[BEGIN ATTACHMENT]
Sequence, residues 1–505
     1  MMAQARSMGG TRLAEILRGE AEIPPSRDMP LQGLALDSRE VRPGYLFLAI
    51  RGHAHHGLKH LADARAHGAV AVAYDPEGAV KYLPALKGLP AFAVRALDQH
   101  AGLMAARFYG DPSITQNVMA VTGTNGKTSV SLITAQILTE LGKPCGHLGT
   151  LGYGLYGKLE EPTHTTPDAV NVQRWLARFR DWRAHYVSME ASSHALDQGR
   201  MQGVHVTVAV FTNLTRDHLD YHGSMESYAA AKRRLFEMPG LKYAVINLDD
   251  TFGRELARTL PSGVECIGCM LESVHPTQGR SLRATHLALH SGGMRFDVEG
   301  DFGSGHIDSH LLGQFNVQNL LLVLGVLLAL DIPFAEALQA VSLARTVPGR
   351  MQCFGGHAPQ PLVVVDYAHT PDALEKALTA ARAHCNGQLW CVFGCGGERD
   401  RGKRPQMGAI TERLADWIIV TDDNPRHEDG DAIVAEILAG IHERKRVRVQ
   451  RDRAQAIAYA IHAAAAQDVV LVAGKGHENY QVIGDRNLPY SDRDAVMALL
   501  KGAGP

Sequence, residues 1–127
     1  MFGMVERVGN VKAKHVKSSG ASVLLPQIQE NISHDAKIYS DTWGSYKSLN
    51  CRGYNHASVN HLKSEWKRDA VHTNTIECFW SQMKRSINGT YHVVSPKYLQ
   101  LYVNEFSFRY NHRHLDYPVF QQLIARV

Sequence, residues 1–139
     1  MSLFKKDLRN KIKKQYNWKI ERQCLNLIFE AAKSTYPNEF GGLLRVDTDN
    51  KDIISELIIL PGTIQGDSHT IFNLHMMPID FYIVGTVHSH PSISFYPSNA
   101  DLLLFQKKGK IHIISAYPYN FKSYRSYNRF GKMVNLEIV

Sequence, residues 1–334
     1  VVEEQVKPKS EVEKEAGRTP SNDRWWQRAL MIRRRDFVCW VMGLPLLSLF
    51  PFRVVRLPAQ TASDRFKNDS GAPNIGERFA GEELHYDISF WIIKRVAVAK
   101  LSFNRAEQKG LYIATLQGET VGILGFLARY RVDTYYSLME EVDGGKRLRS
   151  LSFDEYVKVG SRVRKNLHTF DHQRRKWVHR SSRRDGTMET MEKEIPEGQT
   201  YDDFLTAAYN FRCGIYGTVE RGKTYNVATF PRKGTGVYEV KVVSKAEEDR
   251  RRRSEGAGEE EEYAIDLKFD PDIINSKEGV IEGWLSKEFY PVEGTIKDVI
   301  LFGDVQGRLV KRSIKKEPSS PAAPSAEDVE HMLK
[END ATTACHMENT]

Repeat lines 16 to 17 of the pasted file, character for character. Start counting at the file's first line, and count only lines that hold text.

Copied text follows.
   101  LYVNEFSFRY NHRHLDYPVF QQLIARV

Sequence, residues 1–139